From Ordnance Survey Map of 1952
From Ordnance Survey Map of 1958
On June 4th 1944, preparations were at a critical stage for the D-Day invasion two days away. At North Pickenham airfield in Norfolk where the 492nd Bomb Group was based, Lt. Raymond Sachtleben and his crew took off in their B-24H Liberator to bomb the airfield at Avord in France. As the aircraft climbed to its cruising altitude and formation, an incident occurred, probably involving Sachtleben's aircraft and another B-24. While the details are not known, it is generally accepted that Lt. Sachtleben had to perform an evasive manoeuvre to avoid a mid-air collision and the severity of the action being outside the fully-loaded B-24’s abilities, a wing tip separated and the aircraft stalled. It was last seen by the crew of another aircrew falling through the clouds upside down and it subsequently crashed next to a pair of cottages on the edge of the village of Garveston, killing the entire crew of ten.
Upon hearing news of the crash, firemen from the nearby Shipdham airfield raced to the scene to assist in putting out the resulting fire and to rescue any survivors. While they braved the burning wreckage, one or more of the bombs on board the aircraft exploded, killing two of the firemen, Pvt. Ted Bunalski and Sgt. Monroe Atchley. Both were posthumously awarded the Soldiers medal for heroism.
According to the official accident report, the true cause of the accident is unknown.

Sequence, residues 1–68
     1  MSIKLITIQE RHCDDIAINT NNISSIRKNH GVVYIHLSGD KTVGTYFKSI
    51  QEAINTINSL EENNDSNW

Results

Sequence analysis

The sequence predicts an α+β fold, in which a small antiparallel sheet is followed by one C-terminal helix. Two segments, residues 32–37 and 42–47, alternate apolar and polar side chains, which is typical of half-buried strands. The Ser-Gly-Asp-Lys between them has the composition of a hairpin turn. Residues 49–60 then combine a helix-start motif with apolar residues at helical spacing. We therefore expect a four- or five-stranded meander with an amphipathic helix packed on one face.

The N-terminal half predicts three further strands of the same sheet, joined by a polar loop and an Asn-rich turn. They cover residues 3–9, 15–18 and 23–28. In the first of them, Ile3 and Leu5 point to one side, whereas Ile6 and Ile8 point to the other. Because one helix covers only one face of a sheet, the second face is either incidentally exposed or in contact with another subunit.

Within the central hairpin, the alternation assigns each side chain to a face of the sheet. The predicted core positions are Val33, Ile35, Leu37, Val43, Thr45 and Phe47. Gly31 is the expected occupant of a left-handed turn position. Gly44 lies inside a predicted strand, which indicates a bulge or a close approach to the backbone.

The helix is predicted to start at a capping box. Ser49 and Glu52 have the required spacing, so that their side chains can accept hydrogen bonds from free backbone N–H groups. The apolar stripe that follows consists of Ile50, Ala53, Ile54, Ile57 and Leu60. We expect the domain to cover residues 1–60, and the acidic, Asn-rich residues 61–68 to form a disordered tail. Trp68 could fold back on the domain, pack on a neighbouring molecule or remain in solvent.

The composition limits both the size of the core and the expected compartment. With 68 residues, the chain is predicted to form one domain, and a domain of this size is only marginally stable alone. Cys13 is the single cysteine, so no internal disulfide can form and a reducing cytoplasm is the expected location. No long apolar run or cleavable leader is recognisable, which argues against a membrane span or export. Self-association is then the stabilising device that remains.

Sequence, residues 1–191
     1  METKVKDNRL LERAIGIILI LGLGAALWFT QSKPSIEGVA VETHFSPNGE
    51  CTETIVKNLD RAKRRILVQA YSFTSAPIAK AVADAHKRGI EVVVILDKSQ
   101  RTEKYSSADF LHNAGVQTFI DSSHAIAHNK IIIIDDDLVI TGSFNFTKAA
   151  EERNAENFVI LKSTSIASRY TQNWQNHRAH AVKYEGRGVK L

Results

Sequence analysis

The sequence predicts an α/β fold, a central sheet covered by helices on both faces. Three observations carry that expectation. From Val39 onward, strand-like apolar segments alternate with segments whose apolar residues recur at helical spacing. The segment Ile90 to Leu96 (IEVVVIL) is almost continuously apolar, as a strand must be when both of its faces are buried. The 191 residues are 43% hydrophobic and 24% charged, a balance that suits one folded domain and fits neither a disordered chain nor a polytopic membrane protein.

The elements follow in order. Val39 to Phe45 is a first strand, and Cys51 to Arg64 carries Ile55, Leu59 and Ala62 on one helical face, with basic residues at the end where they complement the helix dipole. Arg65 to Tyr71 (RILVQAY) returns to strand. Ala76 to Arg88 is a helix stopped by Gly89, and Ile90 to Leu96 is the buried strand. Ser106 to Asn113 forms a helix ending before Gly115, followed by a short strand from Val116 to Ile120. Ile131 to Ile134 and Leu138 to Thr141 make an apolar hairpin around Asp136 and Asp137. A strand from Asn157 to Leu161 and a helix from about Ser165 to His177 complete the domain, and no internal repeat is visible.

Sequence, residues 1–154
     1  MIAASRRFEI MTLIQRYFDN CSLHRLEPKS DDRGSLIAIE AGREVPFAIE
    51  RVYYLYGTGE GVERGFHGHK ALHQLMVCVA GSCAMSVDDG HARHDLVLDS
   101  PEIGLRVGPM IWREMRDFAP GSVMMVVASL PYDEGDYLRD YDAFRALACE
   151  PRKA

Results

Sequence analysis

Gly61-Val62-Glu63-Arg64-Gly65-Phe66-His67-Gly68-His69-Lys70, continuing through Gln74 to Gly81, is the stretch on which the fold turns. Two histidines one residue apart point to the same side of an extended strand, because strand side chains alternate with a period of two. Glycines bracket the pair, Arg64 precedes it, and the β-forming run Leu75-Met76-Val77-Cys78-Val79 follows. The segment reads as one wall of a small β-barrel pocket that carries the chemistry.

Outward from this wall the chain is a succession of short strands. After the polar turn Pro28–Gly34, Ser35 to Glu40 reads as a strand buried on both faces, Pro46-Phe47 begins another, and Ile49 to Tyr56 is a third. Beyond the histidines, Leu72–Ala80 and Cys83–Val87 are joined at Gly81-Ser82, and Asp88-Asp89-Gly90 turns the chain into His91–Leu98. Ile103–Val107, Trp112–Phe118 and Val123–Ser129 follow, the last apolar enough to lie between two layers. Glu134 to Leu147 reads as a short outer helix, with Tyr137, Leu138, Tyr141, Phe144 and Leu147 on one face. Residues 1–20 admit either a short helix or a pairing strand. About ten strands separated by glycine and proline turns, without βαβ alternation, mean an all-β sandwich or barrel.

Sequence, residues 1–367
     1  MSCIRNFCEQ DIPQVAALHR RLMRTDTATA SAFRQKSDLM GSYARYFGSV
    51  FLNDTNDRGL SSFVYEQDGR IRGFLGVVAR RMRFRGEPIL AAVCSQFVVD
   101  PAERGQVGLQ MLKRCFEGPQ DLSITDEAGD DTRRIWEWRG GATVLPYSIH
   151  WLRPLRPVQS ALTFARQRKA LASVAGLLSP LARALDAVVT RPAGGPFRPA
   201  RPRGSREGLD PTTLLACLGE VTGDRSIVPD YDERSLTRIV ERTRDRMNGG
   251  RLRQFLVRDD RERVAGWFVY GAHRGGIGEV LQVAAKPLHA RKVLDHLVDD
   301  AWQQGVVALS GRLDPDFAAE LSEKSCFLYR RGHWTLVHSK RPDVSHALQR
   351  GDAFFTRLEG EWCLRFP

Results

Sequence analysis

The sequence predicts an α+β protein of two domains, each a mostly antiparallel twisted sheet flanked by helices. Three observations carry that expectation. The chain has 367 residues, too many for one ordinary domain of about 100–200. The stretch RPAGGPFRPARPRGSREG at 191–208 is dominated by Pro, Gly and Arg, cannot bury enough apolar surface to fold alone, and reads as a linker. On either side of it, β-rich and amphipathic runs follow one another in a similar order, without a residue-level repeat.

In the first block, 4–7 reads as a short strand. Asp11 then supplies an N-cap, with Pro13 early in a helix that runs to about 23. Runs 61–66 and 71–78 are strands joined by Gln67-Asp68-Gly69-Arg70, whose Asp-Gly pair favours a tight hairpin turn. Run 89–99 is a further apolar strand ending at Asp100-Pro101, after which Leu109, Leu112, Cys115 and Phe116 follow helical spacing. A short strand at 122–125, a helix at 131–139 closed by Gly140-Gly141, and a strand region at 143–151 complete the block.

The Memorial project was instigated by Michael Garrod during the Parish Council meeting at Thuxton Church on a warm summer’s evening in July 2010. Michael thought it a good idea to commemorate those who had died as result of the US B-24 aircraft crashing on 4th June 1944 before the event was lost from living memory. He as a young boy could just recall the tragic events of that day and was aware that an ever decreasing number of village residents shared that experience.
It was put to a vote and the ‘council’ gave their support.
Volunteers came forward for from both councillors and parishioners present, forming a ‘Working Group’ of Kay Enk, Ken Hamer, Tony Cadney with Michael Garrod as Chairman.
Although working to the Parish Council the rules dictates that all funding is totally independent, no monies were to come from the parish. All the monies were to be held in a dedicated ‘memorial account’.
The first tentative research brought a deluge of information about the 8th Air Force exposing the mammoth task at hand. Slowly but surely a picture developed of the tragic loss of lives by young men who had only been in the UK for less than four months. Each of the memorial team took three individuals from the “12”.
As research progressed the names became ‘people’ with mothers, fathers, brothers, sisters, school friends, prize givings and graduations. We soon learned that each death brought a network of sadness and distress. In some cases the parents died of broken hearts months after the news of their son’s death. Many a quiet tear was shed as these stories unfolded.
Contacts were made with surviving family members; some were shocked to hear the circumstances of the relatives passing, others were supportive and grateful in the extreme. Torrents of e-mails brought even more details and treasured family photographs some of which feature on this web site.
Garveston vs Garvestone
When we set out on this project we were faced with a dilemma, most are in either of two ‘camps’ those who support the ‘e’ and those that don’t.
However to be historically accurate, we soon found that all official documentation in the WW2 period used the place name Garveston. Further research shows that up to 1955 Ordinance Survey Maps clearly mark the village as Garveston. In 1956 The Norwich area was used as test area for an embryonic experimental post code (zip code). During this time the ‘powers that be’ added an ‘e’ to village name. Mail sorting machines don’t think therefore the ‘e’ stuck.